When the late Bob Buford wrote Halftime in 1995, a book about his journey of finding the God-intended purpose for his life, he captured the attention of Christians and non-Christians looking for meaning midway through their careers. We return to this seminal leadership book from a Christian leader for leaders everywhere, for lessons that still apply to today’s world.
Being a big sports fan, I’ve always hated halftime. Calling a break in the middle of the game is immensely frustrating. Just as the game is in play and two teams are wrestling for ascendancy, a siren, a whistle or a hooter goes off and everything comes to a stop. Imagine for a second that you have to call halftime on your life—just when you are winning!
Having faced this quandary, Bob Buford, wrote in his book Halftime that for someone to shift their life’s game plan from success to significance, he has to call halftime on his life.
Buford, who died last year at the age of 78, was a second-generation Texan entrepreneur who took over his family’s extensive business interests at the age of 31, becoming the president and CEO of a highly successful cable television network. Juggling a business career while devoting his time to his wife, son and his Christian faith, he approached his 40s discovering that he was unfulfilled in life.
Reflecting on the first half of his career, Buford realized that his success had driven him far from hearing God’s still small voice. Having suddenly lost his mother, the matriarch of the family business empire, a grieving Buford asked himself one question: “If my life was absolutely perfect, what would its elements be?” From this reflection, he wrote down six goals for his life.
Seeking advice on how to implement these goals and wanting to work out how best to use his God-given talents, Buford worked with a renowned strategic planning consultant to help put his goals in place. Unprepared for what he was about to hear, he was completely floored when the consultant asked him three simple questions: “What was in your box for life?” “Was it money, or was it Jesus Christ?” “What is your one thing in life?”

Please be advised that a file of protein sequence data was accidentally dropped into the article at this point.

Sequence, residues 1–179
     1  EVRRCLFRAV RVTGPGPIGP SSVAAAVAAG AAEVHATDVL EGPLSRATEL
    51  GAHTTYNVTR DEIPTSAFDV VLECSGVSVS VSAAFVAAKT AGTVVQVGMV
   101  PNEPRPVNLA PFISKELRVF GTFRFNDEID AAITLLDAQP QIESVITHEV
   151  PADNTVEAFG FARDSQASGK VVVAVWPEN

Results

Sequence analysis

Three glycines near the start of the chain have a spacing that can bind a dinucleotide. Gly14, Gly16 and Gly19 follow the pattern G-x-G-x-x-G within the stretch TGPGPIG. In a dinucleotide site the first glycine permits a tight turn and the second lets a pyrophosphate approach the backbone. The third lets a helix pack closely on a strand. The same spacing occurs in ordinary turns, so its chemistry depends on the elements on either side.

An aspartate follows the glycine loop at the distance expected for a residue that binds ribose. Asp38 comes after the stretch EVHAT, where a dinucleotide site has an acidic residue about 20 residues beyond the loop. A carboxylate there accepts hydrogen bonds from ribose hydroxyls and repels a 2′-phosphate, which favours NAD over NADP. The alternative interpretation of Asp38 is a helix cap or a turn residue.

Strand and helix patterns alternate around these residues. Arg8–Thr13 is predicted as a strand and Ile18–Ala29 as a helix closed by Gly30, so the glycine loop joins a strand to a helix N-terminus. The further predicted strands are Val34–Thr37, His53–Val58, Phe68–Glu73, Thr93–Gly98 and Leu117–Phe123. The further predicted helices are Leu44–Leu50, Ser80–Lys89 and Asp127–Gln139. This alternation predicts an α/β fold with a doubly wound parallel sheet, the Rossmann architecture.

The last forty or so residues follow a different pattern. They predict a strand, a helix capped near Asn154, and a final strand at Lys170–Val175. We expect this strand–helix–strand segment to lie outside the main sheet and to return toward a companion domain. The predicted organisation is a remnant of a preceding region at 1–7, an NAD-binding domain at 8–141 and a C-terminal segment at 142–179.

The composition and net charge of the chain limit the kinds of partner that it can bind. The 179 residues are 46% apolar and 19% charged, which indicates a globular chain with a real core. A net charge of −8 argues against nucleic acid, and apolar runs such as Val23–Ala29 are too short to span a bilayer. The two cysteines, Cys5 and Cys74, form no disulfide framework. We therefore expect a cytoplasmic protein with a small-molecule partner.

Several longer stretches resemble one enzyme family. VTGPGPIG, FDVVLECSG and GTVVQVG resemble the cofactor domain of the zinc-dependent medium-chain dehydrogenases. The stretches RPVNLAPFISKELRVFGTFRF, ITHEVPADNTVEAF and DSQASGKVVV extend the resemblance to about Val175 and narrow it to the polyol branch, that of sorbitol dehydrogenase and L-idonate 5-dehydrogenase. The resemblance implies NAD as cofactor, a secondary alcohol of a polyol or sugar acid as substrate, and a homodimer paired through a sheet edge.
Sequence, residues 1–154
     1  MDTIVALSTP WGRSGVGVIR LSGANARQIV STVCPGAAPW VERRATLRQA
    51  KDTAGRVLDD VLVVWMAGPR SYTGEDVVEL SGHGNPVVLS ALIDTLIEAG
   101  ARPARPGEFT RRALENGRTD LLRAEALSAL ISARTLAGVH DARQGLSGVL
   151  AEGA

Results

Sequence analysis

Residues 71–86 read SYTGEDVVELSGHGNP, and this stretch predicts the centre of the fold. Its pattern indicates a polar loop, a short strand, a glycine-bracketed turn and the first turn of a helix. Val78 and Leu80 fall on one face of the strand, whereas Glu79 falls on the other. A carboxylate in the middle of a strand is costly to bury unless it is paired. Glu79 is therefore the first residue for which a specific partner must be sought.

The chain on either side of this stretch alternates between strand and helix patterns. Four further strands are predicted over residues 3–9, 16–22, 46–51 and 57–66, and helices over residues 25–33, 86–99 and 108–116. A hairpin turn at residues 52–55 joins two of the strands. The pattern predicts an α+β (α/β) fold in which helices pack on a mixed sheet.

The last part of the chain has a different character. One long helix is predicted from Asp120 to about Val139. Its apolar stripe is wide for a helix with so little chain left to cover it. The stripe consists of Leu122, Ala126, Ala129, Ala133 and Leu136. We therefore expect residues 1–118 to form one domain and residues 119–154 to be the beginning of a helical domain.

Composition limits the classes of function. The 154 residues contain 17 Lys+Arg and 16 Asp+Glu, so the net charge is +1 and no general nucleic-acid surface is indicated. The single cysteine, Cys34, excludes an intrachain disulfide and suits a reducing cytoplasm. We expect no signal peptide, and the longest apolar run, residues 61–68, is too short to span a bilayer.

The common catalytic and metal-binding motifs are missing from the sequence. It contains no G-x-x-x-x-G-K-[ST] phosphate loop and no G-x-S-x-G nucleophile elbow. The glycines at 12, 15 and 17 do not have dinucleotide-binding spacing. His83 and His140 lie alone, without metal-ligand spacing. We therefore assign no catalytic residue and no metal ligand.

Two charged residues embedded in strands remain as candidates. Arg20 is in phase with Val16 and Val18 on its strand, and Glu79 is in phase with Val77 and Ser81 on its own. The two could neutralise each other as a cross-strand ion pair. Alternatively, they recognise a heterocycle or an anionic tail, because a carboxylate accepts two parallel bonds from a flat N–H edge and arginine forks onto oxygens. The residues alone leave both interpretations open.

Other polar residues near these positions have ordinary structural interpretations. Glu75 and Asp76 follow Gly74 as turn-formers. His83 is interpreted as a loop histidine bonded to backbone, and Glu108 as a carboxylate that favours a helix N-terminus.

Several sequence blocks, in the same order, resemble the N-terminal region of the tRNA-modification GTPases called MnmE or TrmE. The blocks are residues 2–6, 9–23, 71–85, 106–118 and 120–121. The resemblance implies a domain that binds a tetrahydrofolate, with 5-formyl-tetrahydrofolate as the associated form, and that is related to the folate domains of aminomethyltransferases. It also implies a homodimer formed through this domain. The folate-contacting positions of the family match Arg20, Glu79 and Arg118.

When he experienced another family tragedy—the drowning of his only son—Buford decided to set his new life plan in place. During the time spent listening to God’s voice, one overriding question came to him: “What will I do with what I believe?” and from this further questions came, “Is this what I want to be doing for the rest of my life? Is this what faith in Christ ought to be about?”, all leading back to his original question: ”What is in your box?”
Stumbling over these dilemmas, he came across Ephesians 2:10— “For we are God’s workmanship, created in Christ Jesus to do good works, which God prepared in advance for us to do.” Buford placed Jesus Christ in his box, having realized the “one thing” was the key to achieving God’s calling in his life.
Seeking to correct his current work and life situation, Buford carefully went about “seismic testing” to see where his area of usefulness would be. With a mindset of shifting his life goals from success to significance, he stopped to focus on using his human organizational skills in God’s Kingdom.
Now knowing where his talents lay and what he wanted to do with them, Buford wrote a mission statement for his life. During this process, he found his biggest challenge: regaining control of his time. “To be effective in the half time and second half of your life you have to create capacity,” he wrote. “Desire alone will not allow you to do something new in your second half; you must create the capacity to do it.”
Buford left his position as CEO of his company, and eventually divested the family’s business interests. He went on to establish the Halftime Institute, which aids churches in identifying future leaders; improves performance of social sector organizations, and helps to inspire leaders to embrace God’s calling on their lives.
Ultimately, Buford issued a call to the reader and the churches they belong to, to live a 50/50 life. He believes that we all should be devoting 50 percent of our time to ourselves and 50 percent of our time to help the “community and the world around us”. “A faith that is directed inward will only become self-centered,” he wrote.
Buford does his best to paint his plan as a transition plan for every man, but his advice sounds somewhat tone deaf and elitist. Repeatedly citing his own network of CEOs, lawyers and other successful business people, it’s not hard to come away thinking that business success is the only precursor to finding significance in life. Perhaps the tone is such because this book was written in the ’90s when conglomerates ruled the earth. But the scant examples of people who fall into the middle management or perhaps, the small business owner, further underscores my belief that this book was written for the corporate elite. If that was Buford’s intended audience, he has succeeded, but for readers wanting more practical, real world advice, I think this book is an opportunity lost.
That said, Buford’s legacy remains through his institute, which works with top level executives to relook how to use their gift, talents and abilities to make a difference in this world.
Buford also followed up his hugely successful Halftime with four other books:
Stuck In Halftime: Reinvesting Your One And Only Life
Finishing Well: What People Who Really Live Do Differently!
Drucker and Me (2014)